South Korea ordered to pay $2m over false spy claim
- 4 September 2012
- From the section Asia
A South Korean fisherman who was falsely imprisoned as a spy for 15 years and tortured has been awarded more than 2.45bn won ($2m: £1.25m) in compensation by a court in Seoul.
The man, identified only by his surname, Cheong, is now in his 70s.
He and six members of his family, who were also targeted by South Korea's security services, sued the government after being cleared of all charges.
Mr Cheong was accused in the early 1980s of spying for North Korea.
He was detained by the authoritarian, military-backed government then in power in South Korea and interrogated by anti-espionage agents.
"After arresting him without a warrant, the authorities tortured him to obtain a false confession and coerced witnesses to make false testimonies," Judge Rhee Woo-jae said in his ruling.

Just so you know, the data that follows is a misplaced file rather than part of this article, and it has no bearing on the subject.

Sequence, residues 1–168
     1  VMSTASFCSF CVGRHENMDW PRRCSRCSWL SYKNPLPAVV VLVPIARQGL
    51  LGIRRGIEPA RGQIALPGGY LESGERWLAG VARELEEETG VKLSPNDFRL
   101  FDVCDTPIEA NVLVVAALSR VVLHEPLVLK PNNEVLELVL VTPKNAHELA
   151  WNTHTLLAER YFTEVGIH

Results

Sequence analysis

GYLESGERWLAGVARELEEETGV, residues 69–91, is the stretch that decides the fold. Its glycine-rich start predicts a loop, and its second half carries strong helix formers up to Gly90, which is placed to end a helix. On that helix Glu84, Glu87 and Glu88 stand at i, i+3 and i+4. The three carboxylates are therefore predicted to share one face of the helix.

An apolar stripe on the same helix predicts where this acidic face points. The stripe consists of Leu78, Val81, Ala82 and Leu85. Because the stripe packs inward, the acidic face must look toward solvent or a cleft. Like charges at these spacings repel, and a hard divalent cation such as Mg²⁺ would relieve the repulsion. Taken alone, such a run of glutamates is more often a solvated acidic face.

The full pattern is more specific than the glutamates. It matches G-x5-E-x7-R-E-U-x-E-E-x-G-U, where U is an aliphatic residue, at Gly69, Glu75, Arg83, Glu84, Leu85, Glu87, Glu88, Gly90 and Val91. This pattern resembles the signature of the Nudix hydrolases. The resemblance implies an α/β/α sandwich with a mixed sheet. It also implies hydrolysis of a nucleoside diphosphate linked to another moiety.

"The court also handed down a guilty verdict without verifiable evidence."
He added: "Even after being released on parole, the victim was monitored by law enforcement agencies. This is illegal conduct in which the state infringed upon the victim's basic rights."
Mr Cheong was among a large group of fishermen seized by North Korea in 1965 while fishing close to the two countries' disputed sea border.
They were released shortly afterwards, but the stay in North Korean custody led to the accusations of spying nearly two decades later.